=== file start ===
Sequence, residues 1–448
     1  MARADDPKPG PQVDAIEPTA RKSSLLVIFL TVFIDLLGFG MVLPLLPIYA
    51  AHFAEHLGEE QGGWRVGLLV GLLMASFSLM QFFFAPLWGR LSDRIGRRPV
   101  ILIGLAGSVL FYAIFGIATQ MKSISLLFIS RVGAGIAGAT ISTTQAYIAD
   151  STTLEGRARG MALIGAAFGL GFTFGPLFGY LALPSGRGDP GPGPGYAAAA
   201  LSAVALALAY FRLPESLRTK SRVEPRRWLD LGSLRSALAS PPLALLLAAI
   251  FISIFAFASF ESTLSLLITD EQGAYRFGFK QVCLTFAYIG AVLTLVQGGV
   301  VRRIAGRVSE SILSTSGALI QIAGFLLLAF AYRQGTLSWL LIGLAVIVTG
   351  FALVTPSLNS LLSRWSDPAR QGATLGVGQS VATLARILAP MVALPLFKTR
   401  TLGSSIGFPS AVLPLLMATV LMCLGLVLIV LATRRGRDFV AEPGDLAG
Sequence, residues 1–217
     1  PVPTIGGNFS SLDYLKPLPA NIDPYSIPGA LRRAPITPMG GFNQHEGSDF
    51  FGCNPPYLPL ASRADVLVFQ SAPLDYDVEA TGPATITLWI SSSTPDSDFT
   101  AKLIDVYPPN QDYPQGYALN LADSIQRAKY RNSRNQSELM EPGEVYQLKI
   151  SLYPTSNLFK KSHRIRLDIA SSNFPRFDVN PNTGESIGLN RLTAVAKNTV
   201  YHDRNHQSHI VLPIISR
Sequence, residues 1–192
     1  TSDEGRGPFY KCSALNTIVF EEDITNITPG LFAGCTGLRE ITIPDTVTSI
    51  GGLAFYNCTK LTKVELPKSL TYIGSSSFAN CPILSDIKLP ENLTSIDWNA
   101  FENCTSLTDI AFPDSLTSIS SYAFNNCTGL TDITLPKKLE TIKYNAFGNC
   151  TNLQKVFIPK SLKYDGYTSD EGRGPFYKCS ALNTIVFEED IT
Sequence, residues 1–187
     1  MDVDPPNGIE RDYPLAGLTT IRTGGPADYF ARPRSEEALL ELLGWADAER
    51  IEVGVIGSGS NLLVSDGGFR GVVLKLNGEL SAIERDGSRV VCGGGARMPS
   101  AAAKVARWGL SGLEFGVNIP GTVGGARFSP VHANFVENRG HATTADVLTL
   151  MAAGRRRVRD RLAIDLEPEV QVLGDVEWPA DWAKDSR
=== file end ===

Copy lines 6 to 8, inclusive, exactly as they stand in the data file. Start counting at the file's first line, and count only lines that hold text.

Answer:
   201  LSAVALALAY FRLPESLRTK SRVEPRRWLD LGSLRSALAS PPLALLLAAI
   251  FISIFAFASF ESTLSLLITD EQGAYRFGFK QVCLTFAYIG AVLTLVQGGV
   301  VRRIAGRVSE SILSTSGALI QIAGFLLLAF AYRQGTLSWL LIGLAVIVTG